Sinister War is the Spider-Man mini-event we didn’t see coming that plays into the ongoing Kindred storyline. It’s also a story that plays into ’90s kid nostalgia, utilizing Mark Bagley over all four issues in a fight-comic that features every Spider-Man villain to date. It’s Spider-Man vs. his entire rogues gallery, which is a simple enough hook to make this worth a purchase, right?
This book collects Sinister War #1-4 and is written by Nick Spencer with Ed Brisson contributing to issues #2-4. It’s drawn by Mark Bagley, with Dio Neves, Carlos Gomez, Ze Carlos, and Marcelo Ferreira all chipping in too. Add in seven inkers and two-color artists and it’s plain to see this book was likely rushed. Often when there are this many creators involved, the book had a quick turnaround. It’s safe to say this collection could have used a bit more development. For the most part, it’s not really worth picking up.
The first issue features an entire issue drawn by Mark Bagley to perfection. A few storylines converge at the start as Spider-Man discovers Mary Jane’s movie director is none other than Mysterio, while Kindred puts all of his villains up to the task of killing Spider-Man. Of course, Spider-Man’s only wish is to keep Mary Jane safe even when he’s getting punched left and right. Seeing all these villains on the page, many of which haven’t been depicted in the same scene ever is quite cool. That’s the main selling point of this book.
The second selling point is what is done with Doc Ock and Boomerang. Avoiding spoilers, but both characters are changed by the end of the book. Boomerang was previously Peter Parker’s roommate in Nick Spencer’s run, but since then they had a falling out. In this story it’s made clear he’s reluctant to hurt Spider-Man, but given Kindred will send them all to hell if they don’t kill Spidey he still goes along with it. There’s an arc there for the character as he goes against his own wishes, and the friendship he built with Spider-Man, to do Kindred’s bidding. Doc Ock ends up being an important figure in the narrative further developing him since coming back after being Superior Spider-Man for so long.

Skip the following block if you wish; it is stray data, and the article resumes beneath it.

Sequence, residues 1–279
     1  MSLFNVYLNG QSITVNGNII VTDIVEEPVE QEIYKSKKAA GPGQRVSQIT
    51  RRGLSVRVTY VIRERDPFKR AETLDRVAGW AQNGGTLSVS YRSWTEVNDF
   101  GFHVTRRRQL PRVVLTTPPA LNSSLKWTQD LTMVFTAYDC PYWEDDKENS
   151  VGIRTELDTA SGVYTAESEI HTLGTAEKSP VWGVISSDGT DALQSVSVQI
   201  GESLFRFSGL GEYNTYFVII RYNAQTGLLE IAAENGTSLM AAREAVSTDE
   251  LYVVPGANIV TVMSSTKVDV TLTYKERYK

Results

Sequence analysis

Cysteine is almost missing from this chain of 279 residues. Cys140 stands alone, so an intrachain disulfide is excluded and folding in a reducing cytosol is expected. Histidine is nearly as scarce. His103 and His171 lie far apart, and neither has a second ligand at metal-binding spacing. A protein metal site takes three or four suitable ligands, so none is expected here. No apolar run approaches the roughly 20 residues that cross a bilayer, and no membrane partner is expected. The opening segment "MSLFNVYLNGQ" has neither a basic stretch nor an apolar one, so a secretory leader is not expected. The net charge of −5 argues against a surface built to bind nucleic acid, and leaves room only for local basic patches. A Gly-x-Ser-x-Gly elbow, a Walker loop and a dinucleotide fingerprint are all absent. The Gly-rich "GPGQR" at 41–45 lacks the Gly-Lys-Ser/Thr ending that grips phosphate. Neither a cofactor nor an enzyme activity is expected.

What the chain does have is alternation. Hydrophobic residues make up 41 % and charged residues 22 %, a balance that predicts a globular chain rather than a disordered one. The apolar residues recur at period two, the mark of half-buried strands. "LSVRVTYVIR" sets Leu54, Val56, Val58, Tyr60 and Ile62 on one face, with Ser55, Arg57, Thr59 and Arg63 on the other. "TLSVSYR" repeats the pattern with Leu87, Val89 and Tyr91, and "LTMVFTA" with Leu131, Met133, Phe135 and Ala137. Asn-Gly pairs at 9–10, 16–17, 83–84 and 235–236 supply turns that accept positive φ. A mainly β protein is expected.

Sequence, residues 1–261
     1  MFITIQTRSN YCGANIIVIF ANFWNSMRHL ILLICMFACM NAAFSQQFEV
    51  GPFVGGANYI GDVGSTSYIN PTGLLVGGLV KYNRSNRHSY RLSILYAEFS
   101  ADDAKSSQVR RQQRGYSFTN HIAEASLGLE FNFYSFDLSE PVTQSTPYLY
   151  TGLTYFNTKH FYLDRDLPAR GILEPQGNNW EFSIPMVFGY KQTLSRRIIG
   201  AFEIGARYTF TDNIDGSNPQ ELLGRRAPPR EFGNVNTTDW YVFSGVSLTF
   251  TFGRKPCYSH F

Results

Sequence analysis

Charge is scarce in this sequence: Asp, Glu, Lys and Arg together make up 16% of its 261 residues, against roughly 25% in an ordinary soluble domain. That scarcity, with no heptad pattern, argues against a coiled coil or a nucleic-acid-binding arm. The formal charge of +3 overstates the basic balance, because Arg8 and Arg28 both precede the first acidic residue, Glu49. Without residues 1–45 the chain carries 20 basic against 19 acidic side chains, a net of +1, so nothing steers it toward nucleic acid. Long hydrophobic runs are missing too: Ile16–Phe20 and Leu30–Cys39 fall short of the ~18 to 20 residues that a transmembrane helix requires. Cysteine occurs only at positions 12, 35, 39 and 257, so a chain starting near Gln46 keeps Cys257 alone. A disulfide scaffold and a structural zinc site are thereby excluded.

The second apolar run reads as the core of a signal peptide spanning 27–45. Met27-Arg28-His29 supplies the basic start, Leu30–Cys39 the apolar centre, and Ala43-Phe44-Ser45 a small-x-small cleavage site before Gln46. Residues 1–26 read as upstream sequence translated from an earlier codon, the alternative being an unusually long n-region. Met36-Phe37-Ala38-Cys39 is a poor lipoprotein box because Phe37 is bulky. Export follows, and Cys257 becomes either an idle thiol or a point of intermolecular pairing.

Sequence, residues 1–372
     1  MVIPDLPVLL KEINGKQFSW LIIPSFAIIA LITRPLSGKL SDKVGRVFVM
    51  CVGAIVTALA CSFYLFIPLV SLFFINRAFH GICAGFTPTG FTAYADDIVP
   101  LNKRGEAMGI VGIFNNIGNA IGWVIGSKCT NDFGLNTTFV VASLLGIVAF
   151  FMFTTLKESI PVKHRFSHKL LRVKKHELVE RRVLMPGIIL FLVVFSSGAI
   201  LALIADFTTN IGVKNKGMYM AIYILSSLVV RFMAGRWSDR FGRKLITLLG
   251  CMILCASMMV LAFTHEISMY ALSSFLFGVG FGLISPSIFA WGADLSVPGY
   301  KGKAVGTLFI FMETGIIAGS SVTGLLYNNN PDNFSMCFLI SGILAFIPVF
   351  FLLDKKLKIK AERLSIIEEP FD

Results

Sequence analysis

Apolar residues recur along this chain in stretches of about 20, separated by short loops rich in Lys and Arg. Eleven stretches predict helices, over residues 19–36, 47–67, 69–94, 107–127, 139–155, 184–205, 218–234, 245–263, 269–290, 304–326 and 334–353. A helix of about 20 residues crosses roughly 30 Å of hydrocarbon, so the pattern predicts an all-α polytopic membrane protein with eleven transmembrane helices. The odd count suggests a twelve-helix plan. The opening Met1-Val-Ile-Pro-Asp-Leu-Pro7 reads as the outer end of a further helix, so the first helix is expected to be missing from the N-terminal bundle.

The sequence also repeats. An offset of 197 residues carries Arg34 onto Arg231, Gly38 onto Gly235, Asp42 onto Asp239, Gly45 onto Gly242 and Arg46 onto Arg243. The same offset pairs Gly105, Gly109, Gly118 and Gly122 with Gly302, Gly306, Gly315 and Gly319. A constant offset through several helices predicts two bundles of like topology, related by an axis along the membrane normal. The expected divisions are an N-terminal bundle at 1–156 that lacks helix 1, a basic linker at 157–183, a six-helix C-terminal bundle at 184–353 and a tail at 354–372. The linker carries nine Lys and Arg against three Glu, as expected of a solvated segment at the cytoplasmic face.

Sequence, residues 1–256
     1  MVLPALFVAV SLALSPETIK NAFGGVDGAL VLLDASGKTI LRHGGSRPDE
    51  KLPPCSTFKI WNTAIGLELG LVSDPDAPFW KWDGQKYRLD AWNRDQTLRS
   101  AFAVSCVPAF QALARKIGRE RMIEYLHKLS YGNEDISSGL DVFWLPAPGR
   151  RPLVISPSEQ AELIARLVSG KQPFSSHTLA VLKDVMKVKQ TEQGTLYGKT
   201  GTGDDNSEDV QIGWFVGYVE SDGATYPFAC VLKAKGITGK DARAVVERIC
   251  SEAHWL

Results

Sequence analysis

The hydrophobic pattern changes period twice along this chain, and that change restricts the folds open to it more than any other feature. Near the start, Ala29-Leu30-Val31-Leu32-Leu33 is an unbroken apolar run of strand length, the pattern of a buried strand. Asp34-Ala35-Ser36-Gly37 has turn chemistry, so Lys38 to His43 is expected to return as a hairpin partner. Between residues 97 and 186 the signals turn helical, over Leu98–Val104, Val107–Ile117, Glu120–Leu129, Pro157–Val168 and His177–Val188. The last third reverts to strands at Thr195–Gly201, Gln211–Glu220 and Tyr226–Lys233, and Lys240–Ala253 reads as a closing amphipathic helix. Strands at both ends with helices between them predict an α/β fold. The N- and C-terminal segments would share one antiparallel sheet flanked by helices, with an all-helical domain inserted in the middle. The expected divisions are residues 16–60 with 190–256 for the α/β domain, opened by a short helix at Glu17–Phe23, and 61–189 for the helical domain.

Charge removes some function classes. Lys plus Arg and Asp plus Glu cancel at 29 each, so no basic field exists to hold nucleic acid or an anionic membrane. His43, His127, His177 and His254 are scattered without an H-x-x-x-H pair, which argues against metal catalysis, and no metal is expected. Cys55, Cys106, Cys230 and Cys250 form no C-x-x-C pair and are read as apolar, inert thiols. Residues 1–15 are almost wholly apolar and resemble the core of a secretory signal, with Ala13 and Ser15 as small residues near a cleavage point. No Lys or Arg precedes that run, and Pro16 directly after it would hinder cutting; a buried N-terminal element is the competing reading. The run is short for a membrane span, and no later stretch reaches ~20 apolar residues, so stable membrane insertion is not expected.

A third selling point is that this does lead directly to Amazing Spider-Man Vol. 15, although you don’t necessarily have to read this to understand that.
The problem with this book is it’s nonsensical fight comics and not much more. Spider-Man gets punched and punches back. Action can be hard to follow and it’s even harder to care since the stakes aren’t very clear. More often than not this book seems to exist to fill its pages with tons of villains fighting Spider-Man.
Problems abound with the story itself, be it Kindred somehow motivating Spider-Man’s entire rogues gallery on a threat, to an issue that uses flashbacks to hide a thin plot so as to keep your attention. Given the years of empty threats coming from Kindred, it’s incredibly annoying to see how much sway they have over the villains here. Not to mention it oversimplifies every villain here, many of which have rich backstories. The plot is paper-thin, with little to draw your interest or move the story forward beyond punching.
Spider-Man’s villains are all drawn very well throughout the book, and even though the action can be hard to follow it’s cool to see Mark Bagley go off on the art. Sadly though, the story doesn’t really matter to the larger Kindred narrative nor does it amount to anything when it comes to Spider-Man. Instead, two villains get developed ever so slightly in what could have been a decent one-shot instead of a four-issue mini-event.
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